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Adam Mitchell (Part 2)


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We are back with part two of the interview with the fabulous Adam Mitchell; Perth theatre director. 

In the photo above we have featured a scene from one of the plays he directed “When The Rain Stops Falling.” 
Adam talks about this play in Part 1 of his interview which you can read here.   Adam Mitchell Part One.
Enjoy Part 2…..

6) What are your thoughts on the arts and theatre in Perth?

I feel like we’re at a real turning point. I think that the Fringe festival is an absolute illustration of that.  10 years ago when we had a Fringe Festival no one went.  Now Fringe has become such a success,  I feel like we’ve finally grown up.  I feel like people finally feel that going to see live entertainment is a worthwhile thing to do.   I also feel that the arrival of this festival and others like it, have taken some power away from the theatre companies and given it back to the artists,  and Im talking all sorts of artists,  theatre makers, writers, musicians, everyone.  There is a chance now to be seen internationally which is fantastic.   It used to be that people wanted to do a co-production with Perth Theatre Company or a co-pro with Black swan.  Now all of a sudden there is a vehicle which allows people to bypass those agencies and companies.  Artists can now have a direct line to making work for a world stage and I think that’s really, really exciting.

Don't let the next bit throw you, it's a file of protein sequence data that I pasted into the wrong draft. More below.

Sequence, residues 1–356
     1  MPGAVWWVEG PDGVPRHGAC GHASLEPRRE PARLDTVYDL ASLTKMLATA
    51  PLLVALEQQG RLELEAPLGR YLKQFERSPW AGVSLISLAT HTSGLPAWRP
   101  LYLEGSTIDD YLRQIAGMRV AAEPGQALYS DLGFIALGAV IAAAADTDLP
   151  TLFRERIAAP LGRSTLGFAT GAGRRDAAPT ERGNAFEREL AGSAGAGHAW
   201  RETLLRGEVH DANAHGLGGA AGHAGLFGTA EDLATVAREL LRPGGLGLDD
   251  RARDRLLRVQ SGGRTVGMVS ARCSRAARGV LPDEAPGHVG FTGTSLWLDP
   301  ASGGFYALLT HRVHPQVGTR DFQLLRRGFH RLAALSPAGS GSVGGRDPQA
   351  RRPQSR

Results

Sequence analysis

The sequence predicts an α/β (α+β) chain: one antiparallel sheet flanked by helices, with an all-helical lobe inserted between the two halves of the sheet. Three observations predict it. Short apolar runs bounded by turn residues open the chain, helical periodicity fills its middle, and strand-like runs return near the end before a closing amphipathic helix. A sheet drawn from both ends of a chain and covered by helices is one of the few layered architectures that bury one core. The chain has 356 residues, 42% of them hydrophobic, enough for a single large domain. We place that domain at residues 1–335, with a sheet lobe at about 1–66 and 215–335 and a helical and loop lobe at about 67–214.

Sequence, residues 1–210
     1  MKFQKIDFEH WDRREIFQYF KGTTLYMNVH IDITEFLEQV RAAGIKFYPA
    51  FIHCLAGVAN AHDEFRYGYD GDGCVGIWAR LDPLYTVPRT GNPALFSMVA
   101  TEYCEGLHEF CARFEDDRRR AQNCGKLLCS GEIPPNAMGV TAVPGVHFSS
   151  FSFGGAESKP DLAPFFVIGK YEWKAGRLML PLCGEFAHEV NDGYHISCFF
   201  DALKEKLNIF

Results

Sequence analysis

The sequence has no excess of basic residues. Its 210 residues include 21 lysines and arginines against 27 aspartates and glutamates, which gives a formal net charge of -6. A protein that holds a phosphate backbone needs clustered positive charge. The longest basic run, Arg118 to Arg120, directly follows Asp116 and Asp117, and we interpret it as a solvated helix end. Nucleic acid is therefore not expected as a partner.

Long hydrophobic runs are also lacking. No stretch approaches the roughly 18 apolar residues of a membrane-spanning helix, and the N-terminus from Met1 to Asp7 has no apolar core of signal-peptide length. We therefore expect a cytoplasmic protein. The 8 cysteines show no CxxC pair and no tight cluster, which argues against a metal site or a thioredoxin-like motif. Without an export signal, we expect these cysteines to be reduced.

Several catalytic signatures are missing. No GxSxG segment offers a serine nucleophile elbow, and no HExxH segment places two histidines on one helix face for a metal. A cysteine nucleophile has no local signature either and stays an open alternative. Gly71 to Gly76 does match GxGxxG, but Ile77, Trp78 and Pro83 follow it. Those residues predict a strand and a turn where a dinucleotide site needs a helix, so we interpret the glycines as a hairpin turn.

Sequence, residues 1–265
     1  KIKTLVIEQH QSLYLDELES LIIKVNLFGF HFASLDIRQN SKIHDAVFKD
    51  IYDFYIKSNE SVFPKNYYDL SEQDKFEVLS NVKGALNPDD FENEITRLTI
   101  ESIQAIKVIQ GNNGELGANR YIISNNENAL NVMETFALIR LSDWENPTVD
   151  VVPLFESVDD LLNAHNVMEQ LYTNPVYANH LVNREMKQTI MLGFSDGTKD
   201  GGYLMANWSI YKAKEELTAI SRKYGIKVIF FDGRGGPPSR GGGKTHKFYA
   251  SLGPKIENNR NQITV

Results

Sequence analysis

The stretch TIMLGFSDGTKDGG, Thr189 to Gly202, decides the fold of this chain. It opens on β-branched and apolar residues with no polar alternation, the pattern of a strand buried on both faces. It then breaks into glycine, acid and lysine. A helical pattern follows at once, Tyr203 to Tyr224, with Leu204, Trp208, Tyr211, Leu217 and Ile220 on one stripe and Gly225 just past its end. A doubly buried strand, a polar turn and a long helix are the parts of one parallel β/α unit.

7)   What are your hopes for the future of theatre in our city?